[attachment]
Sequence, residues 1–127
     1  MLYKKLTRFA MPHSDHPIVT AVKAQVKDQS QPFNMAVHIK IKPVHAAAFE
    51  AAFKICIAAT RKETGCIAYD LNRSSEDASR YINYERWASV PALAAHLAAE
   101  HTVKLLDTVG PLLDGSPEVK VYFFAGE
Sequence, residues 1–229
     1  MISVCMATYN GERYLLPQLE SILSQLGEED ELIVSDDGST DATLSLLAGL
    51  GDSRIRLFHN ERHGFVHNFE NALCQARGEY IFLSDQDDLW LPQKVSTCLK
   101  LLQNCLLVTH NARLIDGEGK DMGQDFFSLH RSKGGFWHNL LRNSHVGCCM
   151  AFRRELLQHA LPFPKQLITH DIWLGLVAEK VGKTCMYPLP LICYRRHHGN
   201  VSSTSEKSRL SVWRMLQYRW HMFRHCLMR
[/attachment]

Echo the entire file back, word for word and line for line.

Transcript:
Sequence, residues 1–127
     1  MLYKKLTRFA MPHSDHPIVT AVKAQVKDQS QPFNMAVHIK IKPVHAAAFE
    51  AAFKICIAAT RKETGCIAYD LNRSSEDASR YINYERWASV PALAAHLAAE
   101  HTVKLLDTVG PLLDGSPEVK VYFFAGE
Sequence, residues 1–229
     1  MISVCMATYN GERYLLPQLE SILSQLGEED ELIVSDDGST DATLSLLAGL
    51  GDSRIRLFHN ERHGFVHNFE NALCQARGEY IFLSDQDDLW LPQKVSTCLK
   101  LLQNCLLVTH NARLIDGEGK DMGQDFFSLH RSKGGFWHNL LRNSHVGCCM
   151  AFRRELLQHA LPFPKQLITH DIWLGLVAEK VGKTCMYPLP LICYRRHHGN
   201  VSSTSEKSRL SVWRMLQYRW HMFRHCLMR